Many had pre-existing vulnerabilities. More than 13,000 children lost their sole caregiver, the Covid Collaborative’s December report estimated; those children were already more socially and economically at risk.
Compounding matters, most kids who lost a parent or caregiver are under the age of 13.
Regardless of a child’s age, the effects can be devastating, with mental and physical health concerns at the forefront, experts say.
Other risks include abuse, neglect, substance abuse and poverty, said Susan Hillis, a senior research officer at Oxford University and the lead author of numerous studies on children orphaned by Covid, work she completed while with the Centers for Disease Control and Prevention.
“We have evidence that shows that intervening early at any time can prevent a lot of downstream consequences,” she said.
A first step: Identifying who needs help
Hillis believes the best way to track children who have lost a caregiver — to Covid or anything else — is to add a box on adults’ death certificates that asks whether there are children under 18 in the home. If the box is checked, a public health nurse or case worker should go to evaluate the family.
Some may be coping all right on their own, she said, while others may need support.
“Getting the help in time can mean the difference in whether that child has PTSD,” Hillis said, referring to post-traumatic stress disorder, or if a child develops severe depression or anxiety.
A White House official said federal efforts to reach bereaved children will likely be conducted through state and local leaders and community-based organizations but declined to provide a timeline.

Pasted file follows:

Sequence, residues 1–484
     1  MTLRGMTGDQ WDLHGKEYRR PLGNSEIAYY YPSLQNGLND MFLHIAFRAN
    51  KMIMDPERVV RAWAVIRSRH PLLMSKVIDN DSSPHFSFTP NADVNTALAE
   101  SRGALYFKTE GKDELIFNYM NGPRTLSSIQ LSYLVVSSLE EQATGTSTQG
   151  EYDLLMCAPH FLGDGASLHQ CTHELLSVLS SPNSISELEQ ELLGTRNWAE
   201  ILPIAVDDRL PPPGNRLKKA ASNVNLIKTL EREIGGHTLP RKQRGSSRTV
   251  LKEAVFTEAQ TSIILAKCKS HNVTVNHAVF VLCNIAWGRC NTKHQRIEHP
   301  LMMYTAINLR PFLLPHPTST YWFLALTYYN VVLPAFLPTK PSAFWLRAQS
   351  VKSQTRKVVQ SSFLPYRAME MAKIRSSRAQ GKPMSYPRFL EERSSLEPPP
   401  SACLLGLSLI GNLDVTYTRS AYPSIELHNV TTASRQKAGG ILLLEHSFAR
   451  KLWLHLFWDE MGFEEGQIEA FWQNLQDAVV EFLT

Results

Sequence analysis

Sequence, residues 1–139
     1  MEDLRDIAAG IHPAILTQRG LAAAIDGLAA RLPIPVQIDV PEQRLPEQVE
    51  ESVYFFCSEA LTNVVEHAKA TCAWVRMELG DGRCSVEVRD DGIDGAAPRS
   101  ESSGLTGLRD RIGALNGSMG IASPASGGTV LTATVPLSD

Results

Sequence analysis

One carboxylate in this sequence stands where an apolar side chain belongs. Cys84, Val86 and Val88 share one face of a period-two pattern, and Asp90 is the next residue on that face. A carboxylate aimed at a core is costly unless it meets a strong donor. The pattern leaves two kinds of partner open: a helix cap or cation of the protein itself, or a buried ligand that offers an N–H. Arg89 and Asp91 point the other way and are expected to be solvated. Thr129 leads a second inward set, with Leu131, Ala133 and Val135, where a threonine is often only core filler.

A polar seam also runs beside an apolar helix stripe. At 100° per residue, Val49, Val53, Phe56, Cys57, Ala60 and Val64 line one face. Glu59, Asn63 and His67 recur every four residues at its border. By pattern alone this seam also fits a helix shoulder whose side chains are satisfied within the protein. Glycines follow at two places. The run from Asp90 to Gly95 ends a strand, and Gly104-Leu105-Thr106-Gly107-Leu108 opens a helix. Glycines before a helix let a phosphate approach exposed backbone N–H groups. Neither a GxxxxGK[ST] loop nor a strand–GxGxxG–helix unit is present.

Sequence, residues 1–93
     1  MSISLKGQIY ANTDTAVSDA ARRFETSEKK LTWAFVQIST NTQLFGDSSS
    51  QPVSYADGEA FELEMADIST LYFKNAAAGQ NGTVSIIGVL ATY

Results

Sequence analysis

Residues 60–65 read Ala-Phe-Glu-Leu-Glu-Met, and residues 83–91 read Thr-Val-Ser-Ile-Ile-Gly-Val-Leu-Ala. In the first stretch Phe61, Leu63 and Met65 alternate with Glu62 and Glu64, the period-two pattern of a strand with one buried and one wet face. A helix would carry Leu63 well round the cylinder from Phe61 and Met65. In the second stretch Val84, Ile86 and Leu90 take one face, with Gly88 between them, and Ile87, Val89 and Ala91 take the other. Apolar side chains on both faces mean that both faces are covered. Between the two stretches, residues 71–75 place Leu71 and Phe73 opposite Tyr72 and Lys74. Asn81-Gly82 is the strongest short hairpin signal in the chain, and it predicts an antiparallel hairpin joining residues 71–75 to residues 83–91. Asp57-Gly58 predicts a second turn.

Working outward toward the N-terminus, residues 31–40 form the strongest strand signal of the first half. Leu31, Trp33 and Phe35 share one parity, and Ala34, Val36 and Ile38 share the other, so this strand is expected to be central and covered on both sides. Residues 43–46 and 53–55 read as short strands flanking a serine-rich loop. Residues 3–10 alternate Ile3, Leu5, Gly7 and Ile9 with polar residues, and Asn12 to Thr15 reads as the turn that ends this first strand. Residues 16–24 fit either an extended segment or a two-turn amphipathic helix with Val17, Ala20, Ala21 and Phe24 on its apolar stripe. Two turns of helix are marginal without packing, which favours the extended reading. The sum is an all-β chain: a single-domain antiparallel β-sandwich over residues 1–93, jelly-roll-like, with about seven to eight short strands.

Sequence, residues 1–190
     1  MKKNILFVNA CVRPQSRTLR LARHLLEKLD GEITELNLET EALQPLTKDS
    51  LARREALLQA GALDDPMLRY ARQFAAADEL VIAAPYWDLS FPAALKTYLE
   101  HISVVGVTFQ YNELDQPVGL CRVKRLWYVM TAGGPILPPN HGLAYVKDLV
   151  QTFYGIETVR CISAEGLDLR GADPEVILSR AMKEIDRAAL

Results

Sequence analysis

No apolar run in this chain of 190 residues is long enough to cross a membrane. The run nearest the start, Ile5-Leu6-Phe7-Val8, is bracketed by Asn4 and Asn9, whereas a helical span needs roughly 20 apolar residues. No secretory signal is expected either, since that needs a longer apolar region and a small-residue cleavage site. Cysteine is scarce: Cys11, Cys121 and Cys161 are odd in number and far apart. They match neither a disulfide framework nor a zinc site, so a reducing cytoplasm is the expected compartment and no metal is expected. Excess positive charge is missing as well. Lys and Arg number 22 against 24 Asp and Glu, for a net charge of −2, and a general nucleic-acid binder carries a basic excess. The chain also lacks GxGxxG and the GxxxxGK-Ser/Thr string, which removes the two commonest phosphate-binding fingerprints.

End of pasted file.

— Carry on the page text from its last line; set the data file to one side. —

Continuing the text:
In the meantime, a website by the Covid Collaborative that debuted Monday provides a centralized list of resources for children who have lost parents or caregivers to Covid. The site, hiddenpain.us, shows how to apply for Social Security survivor benefits and tools for emergency rental assistance. There are also links to grief camps, family bereavement programs and other grief services.
In Oklahoma, Twyman said she would have benefited from such a list all in one place after the death of her daughter, a hair stylist getting certified to become an educator for kids with disabilities.
She said she still feels grateful for the generosity of friends and strangers.
“We had the community that helped,” she said. Without them, she added, “I can see these kids going through this and not knowing where their next set of clothes is coming from, their next meal is coming from, if they’re going to have a roof over their head.”